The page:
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Mosquito Madness, Even in Autumn?

E. A. Goeldi

Despite several nights of frost in the past week, some Northern Wisconsin residents are still plagued by the telltale buzz of mosquitoes.  How does a mosquito survive in cold temperatures?

Common knowledge holds that once nighttime temperatures dip into the 30s, mosquito populations drop off.  But that didn’t seem to be happening last week.  Susan Paskewitz, a mosquito expert at the University of Wisconsin Madison, says it’s possible most of the still-active mosquitoes are newly formed.

“And it might actually be that that’s what you’re seeing – a pretty high population of those larvae just now emerging. You get the larval stages in the water, and just a couple of transient nights of cold temperatures really aren’t gonna be enough to stop their development. ”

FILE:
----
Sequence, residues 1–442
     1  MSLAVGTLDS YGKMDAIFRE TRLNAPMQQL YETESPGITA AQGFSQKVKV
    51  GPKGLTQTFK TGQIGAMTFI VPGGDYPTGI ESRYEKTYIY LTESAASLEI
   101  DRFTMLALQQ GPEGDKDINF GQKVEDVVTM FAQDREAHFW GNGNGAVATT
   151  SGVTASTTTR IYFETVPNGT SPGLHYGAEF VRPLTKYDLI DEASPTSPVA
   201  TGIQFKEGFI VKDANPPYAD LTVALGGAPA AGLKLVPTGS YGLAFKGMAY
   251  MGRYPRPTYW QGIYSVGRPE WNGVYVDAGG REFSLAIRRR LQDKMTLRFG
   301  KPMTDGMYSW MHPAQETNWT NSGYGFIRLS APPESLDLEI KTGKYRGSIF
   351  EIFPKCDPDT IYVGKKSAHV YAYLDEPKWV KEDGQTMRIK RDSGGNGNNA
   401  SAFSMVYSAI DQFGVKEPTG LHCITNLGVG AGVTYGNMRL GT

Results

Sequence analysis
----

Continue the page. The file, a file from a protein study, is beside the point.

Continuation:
Paskewitz says water temperatures don’t change as quickly air temperatures.  She also points out the presence of mosquitoes could depend on the local mix of species.  Some are more cold tolerant than others.

“There are probably 53, 54 species of mosquito in Wisconsin, all with very different behaviors. Adults of some species actually overwinter, and so they’re pretty good even as an adult at surviving very cold temperatures.”

One the bright side she says those varieties, though they may be alive, won’t usually be in feeding mode in the middle of winter. 

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